“A real-time foveated camera / foveated vision system.
This project’s goal is to implement FPGA/SoC design for real-time foveated camera and foveated FPGA-accelerated image processing pipeline implemented iTracker (MIT CSAIL), AlexNet-inspired CNN for foveation control by feed of Kalman filter and foveated two-stream (FVS) CNNs for video multi-frame summarization.
Foveation is a biologically motivated image transformation which has attracted interest of researchers and of computer vision and robotics. Its principal advantages are the realization of high degree of image compression as well as property of scale and rotation invariance.
Human eyes have fast mechanical movements that control how the scene is imaged in detail by the fovea, where visual acuity is highest. This concentrate computational(neuronal) resources in place where they are most needed.
Most conventional imaging techniques spread a finite number of pixel evenly across entire FOV and thus their capabilities are constrained by well-known inherent tradeoff between FOV and resolution: the higher resolving ability, the smaller FOV.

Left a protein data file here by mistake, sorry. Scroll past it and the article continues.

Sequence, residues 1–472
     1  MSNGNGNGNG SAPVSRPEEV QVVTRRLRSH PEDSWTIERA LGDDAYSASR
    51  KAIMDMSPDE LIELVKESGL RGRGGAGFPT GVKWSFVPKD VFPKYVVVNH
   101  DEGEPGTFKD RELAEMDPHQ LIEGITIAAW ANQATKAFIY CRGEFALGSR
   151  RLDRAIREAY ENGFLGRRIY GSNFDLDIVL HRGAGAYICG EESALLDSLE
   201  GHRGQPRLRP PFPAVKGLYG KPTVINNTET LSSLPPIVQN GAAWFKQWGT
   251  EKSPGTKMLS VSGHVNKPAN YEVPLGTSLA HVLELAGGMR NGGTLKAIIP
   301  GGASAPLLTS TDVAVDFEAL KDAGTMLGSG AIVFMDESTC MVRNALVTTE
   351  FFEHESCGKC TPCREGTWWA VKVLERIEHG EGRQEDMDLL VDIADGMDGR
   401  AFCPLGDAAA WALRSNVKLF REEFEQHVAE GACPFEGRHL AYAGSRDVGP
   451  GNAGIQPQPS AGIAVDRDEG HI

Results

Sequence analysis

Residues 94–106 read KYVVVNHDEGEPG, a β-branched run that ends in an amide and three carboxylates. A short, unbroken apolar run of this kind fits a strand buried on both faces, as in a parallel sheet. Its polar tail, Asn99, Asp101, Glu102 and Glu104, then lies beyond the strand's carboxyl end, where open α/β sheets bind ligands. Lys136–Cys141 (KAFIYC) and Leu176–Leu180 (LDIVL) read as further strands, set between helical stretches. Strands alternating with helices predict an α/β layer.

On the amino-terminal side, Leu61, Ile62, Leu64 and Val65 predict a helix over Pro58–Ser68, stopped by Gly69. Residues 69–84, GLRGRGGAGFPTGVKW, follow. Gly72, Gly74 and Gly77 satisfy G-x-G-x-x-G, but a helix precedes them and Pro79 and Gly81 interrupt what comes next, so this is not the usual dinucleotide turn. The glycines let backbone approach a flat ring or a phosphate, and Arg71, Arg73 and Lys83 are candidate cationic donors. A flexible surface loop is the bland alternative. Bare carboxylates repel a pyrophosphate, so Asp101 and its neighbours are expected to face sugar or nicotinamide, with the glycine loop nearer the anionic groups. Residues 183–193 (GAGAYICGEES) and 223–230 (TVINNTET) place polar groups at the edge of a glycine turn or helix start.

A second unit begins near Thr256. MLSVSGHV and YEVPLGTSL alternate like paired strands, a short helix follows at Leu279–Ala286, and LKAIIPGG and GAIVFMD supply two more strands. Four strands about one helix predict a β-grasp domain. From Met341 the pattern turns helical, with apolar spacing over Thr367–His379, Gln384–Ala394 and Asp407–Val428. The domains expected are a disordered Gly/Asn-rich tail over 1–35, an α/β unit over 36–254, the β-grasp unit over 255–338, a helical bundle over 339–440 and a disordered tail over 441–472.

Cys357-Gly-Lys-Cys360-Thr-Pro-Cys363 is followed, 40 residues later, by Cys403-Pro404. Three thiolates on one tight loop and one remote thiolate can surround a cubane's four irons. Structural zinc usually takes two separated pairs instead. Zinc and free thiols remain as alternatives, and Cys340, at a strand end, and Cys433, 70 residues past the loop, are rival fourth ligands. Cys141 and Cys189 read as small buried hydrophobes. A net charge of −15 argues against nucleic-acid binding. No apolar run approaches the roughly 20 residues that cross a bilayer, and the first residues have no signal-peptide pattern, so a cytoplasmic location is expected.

This resolution-FOV tradeoff problem may be relieved with advent of higher-resolution sensors and development of sensor tiling or image mosaicing schemes. However, processing and analysis of such high-resolution images is computationally-demanding. Foveated imaging system design aims to avoid expensive high resolution and fast image sensor as well as facilitate to improve the information throughput of low-cost off-the-shelf detectors.
IN human visual system (HVS), only narrow region around the fovea offer exceptional resolving power, contrast, and, color sensitivities, while these properties fall off rapidly with increasing retinal eccentricity. The essential goal of designing a foveated imaging system is to improve the sampling efficiency and to reduce the requirements for data bandwidth as well as computational resources by mimicking such spatially varying properties of the HVS.”